The new era for the Aspen Art Museum will begin, quite literally, with a bang Saturday afternoon.
Explosives artist Cai Cuo-Qiang is scheduled to set off a daytime firework 700 feet above Aspen Mountain at 2:30 p.m. and again at 2:32 p.m. Named Black Lightning, the firework is supposed to form a lightning bolt and then dissipate into the air.
“The only good thing about all the rain we’ve been having this summer is that there’s no fire ban, so we can do it,” museum Director and CEO Heidi Zuckerman Jacobson said this week on a tour of the new museum.
The big bang coincides with the official ribbon cutting for the museum’s new Shigeru Ban-designed, $45 million, 33,000-square-foot downtown building on Hyman Avenue and its private opening for members. The members weekend includes the annual ArtCrush gala, in Rio Grande Park, three days of private events and a weeklong members opening.
The building has not received a certificate of occupancy from the city of Aspen.
Zuckerman Jacobson said Wednesday that the museum expected to get its final sign-off from the city Building Department on Thursday. But the museum was not yet up to code at day’s end.
“We are all working together and diligently to complete the final items here,” chief city building official Stephen Kanipe said Thursday.
The public will get its first look inside the new building on Aug. 9, when a free 24-hour celebration kicks off at 5 p.m. The all-night, all-day party boasts two film screenings in the museum’s education workshop, a 24-hour piano performance of Erik Satie’s “Vexations” on its roof deck and a concert by Big Bad Voodoo Daddy on Spring Street beside the commons adjacent to the building along with guided tours of the eight opening exhibitions, dream interpretations, a “silent disco,” cooking demonstration in the rooftop cafe, sunrise yoga and activities throughout the building. Admission to the new museum is free and is endowed to remain so in perpetuity.
Walking through the building this week, as contractors hustled to put final touches on it, Zuckerman Jacobson noted its five signature architectural elements: its woven screen shroud; its handmade wooden trusses; its glass elevator on the corner of Spring and Hyman; its walkable skylights throughout the building, bathing all but two of its galleries in natural light; and its grand staircase.
The staircase — consisting of a 10-foot-wide side for downward traffic from the third floor to the ground and a 6-foot-wide side for upward traffic — is bisected by a glass curtain wall. The simultaneous up-and-down movement of visitors is intended to mirror downhill skiers alongside those ascending Aspen Mountain on ski lifts and the traffic on local hiking trails.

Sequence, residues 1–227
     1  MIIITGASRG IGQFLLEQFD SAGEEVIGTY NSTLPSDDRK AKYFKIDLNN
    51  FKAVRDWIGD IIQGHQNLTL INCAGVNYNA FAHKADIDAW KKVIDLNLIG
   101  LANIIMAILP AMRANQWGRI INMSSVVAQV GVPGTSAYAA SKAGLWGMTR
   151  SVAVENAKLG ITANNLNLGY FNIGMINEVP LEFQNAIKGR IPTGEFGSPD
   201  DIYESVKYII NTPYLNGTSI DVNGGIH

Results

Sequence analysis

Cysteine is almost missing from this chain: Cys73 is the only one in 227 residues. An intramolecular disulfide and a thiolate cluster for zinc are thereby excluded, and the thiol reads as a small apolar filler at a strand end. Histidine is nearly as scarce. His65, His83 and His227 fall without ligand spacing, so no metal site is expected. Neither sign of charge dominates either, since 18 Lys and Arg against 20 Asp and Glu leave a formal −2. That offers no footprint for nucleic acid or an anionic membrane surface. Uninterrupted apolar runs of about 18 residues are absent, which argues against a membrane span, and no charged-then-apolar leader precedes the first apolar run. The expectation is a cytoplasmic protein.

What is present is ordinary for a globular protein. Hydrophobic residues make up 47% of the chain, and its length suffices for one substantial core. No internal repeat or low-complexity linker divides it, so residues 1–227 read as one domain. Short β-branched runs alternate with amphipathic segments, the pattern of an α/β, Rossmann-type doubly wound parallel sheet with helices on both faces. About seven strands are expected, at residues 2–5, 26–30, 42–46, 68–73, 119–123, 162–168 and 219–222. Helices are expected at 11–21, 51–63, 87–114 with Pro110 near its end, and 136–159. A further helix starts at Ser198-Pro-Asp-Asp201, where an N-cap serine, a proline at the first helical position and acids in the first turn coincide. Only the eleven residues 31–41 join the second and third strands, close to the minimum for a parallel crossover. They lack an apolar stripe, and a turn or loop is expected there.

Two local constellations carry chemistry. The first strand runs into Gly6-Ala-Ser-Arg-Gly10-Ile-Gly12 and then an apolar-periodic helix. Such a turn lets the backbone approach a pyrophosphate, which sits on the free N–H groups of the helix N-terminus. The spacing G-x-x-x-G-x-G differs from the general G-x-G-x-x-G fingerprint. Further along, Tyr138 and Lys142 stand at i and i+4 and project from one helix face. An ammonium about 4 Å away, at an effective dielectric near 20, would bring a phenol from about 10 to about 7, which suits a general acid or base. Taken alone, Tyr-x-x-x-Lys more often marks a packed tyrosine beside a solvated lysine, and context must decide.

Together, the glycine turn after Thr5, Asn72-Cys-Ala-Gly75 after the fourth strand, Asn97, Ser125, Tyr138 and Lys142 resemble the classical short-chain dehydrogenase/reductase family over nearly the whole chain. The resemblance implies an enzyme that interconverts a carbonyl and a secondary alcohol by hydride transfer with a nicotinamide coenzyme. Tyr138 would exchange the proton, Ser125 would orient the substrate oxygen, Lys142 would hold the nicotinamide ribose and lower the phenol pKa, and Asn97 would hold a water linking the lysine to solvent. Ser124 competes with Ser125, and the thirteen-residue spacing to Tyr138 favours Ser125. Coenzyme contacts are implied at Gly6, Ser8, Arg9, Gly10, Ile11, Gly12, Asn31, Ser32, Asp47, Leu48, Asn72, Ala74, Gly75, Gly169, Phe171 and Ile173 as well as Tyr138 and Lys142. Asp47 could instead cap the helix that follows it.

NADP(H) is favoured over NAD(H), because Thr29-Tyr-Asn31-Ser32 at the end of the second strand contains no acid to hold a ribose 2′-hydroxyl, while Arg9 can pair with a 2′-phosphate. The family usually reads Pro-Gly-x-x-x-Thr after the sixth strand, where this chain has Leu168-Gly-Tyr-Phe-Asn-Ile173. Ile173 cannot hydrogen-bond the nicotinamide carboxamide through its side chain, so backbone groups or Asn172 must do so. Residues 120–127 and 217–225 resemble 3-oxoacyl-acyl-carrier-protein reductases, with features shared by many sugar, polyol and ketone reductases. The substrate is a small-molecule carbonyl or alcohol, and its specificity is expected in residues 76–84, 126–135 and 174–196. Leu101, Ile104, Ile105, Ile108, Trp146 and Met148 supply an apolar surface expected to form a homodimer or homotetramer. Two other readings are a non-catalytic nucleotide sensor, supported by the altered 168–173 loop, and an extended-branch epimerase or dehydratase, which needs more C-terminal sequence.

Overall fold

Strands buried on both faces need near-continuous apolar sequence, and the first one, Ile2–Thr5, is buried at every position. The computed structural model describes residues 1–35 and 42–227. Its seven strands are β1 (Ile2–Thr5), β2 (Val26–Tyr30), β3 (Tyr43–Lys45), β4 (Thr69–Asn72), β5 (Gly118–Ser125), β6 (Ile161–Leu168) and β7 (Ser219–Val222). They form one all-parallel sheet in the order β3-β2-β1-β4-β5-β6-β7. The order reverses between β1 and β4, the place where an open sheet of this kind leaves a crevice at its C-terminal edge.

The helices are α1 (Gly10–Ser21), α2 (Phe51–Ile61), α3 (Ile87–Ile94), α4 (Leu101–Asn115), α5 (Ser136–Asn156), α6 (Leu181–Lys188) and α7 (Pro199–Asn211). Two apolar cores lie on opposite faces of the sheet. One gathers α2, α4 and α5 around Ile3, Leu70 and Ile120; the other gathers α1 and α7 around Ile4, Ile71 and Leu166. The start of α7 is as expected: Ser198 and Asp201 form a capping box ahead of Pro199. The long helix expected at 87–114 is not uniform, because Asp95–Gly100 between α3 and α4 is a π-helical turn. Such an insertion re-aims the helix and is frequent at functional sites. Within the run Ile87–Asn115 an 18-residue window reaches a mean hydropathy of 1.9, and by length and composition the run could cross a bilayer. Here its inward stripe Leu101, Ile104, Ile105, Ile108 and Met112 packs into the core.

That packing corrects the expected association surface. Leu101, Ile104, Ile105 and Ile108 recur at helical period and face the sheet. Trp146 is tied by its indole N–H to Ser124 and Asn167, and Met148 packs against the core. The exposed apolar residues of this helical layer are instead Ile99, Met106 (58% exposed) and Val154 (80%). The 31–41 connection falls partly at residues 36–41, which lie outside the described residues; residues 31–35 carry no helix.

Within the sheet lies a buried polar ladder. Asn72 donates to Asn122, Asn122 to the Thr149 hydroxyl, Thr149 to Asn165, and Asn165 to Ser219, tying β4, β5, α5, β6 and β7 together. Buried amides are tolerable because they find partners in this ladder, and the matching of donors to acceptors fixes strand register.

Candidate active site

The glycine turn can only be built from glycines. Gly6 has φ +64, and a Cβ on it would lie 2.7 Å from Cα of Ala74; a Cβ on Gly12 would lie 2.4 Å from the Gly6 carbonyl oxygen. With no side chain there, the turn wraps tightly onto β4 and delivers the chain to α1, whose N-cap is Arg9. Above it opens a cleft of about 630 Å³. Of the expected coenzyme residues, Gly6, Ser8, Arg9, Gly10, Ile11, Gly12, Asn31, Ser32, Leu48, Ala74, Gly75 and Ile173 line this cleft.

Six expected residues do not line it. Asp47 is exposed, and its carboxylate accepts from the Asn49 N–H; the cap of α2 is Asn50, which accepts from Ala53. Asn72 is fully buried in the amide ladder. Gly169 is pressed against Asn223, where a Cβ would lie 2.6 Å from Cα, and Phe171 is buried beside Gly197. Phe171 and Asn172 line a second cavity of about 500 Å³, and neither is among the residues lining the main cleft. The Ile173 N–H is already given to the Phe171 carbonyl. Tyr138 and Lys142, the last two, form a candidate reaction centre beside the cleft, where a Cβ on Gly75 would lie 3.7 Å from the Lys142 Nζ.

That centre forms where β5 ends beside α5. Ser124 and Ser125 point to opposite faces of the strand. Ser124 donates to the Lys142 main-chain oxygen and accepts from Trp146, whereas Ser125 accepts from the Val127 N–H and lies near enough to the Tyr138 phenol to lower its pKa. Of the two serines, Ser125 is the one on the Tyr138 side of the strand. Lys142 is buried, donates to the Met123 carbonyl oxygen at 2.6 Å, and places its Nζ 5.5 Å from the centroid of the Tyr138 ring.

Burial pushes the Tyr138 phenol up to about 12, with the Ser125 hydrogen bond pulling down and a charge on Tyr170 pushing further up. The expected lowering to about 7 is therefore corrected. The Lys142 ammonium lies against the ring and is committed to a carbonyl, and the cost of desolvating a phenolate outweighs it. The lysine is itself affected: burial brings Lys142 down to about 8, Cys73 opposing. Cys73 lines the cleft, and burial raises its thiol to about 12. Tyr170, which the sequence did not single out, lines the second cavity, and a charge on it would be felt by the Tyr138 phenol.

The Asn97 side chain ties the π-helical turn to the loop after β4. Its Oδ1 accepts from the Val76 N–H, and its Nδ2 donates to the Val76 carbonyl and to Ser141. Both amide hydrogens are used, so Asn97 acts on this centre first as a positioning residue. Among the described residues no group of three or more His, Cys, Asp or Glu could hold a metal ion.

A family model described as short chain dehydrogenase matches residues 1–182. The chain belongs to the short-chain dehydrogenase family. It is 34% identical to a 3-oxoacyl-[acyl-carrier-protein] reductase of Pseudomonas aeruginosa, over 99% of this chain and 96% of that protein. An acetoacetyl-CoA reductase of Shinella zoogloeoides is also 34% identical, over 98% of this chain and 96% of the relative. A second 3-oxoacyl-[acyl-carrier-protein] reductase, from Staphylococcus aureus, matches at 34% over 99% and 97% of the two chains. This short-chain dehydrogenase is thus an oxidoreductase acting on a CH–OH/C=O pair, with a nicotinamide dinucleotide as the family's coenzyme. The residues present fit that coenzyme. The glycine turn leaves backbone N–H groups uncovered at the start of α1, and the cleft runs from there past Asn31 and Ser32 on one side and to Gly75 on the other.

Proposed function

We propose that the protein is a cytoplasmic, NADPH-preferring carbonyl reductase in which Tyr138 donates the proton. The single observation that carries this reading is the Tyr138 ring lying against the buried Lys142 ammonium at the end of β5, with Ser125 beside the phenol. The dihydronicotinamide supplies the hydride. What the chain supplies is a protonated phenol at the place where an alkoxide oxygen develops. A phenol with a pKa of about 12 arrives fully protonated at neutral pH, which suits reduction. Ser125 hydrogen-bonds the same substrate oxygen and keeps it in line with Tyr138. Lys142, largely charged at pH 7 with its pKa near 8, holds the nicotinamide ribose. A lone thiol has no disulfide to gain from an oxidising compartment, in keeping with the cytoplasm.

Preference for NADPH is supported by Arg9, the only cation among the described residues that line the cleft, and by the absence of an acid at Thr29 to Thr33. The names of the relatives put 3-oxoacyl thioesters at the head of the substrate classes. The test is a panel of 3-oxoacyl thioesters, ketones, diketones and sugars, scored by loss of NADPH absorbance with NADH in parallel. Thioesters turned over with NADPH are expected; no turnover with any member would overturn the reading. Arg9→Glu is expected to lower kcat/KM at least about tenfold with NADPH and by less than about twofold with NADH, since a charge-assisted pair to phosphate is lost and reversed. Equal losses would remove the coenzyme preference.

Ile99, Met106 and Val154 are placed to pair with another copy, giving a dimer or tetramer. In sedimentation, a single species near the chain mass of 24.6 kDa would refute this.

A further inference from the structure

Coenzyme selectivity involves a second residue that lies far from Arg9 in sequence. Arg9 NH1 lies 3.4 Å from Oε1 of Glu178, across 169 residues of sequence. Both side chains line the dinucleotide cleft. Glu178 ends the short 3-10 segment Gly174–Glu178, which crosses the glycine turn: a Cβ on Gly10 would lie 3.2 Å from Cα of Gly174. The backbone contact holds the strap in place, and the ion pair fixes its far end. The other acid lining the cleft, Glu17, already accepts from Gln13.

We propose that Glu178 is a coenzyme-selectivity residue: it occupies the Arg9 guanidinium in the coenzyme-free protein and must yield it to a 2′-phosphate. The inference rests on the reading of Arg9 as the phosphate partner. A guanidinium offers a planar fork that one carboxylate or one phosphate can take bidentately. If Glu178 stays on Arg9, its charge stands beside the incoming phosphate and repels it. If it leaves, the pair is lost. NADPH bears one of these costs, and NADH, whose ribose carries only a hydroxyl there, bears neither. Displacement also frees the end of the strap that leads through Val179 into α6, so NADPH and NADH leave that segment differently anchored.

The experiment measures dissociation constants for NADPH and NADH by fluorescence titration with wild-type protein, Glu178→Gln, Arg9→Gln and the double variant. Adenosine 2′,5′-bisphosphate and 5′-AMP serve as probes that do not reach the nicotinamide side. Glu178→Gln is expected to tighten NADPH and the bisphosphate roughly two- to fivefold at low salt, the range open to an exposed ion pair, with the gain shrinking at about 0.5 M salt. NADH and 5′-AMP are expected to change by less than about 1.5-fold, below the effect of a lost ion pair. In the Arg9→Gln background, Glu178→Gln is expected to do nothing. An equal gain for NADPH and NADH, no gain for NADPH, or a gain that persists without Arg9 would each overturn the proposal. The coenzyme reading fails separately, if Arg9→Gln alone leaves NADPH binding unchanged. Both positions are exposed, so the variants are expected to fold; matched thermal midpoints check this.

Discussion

“There are these subtle things that reflect our community and that are maybe conceptual and haven’t been done before,” Zuckerman Jacobson said. “But I think it’s really solid in its thinking.”
Benches made from paper tubes — not unlike empty paper-towel rolls — are distributed throughout the building. Ban also made use of paper tubes in features throughout the museum, adding flourishes to walls and configuring them honeycomb-like in a few areas. The tubes are a key part of his work in humanitarian architecture — the focus of a show in the museum’s largest gallery space. For that exhibit, Ban has rebuilt the groundbreaking structures he made for people in disaster zones. In the 4,000-square-foot gallery, visitors can walk through schools, shelters and churches that Ban designed and used after disasters. Photos on the gallery walls show them in use in Rwanda, China, India and the Philippines along with Ban’s sketches and designs for them.
The lead exhibition is a joint show of work by Yves Klein and David Hammons in what Zuckerman Jacobson called “a conversation between the two artists around unconventional topics.” It shows the French postwar master’s and the American postmodern artist’s work side by side in work that reflects on religion, sexuality and other topics, along with photos of them staging public performance art and juxtaposed works that demonstrate some of their shared aesthetic tendencies.
Other opening shows include drawings by Tomma Abts, ceramics by Rosemarie Trockel, a sidewalk installation by Jim Hodges, a collection of Colorado minerals on loan from the Aspen Historical Society, and “Moving Ghost Town,” by Cuo-Quiang. Made under the supervision of the Turtle Conservancy, “Moving Ghost Town” features three turtles — two sisters and a cousin, according to Zuckerman Jacobson — in a pen on the rooftop. They will have iPads attached to their shells showing footage of Colorado ghost towns, filmed by the same turtles via iPad video cameras.
“I really wanted the opening exhibitions to show the depth and breadth of what we could do — so we have modernism; we have work that was commissioned specifically for us; we have work directly out of the artist’s studio; we have work from all across the U.S. and Europe,” Zuckerman Jacobson said. “We have ceramics, drawing, sculpture and architecture. We have environmental installations.”
The fate of the museum’s success, she said, will be in the quality of the shows inside. High-caliber exhibitions, she said, would carry the museum through any concerns about the new building itself.
“Eventually people will forget whether it was on time, which it will be, and whether it was on budget, which it will be, and they’re only going to care about whether the art is great, which it will be,” Jacobson said. “And if the art’s not great, there’s no point in doing this thing at all — it’s all about the art.”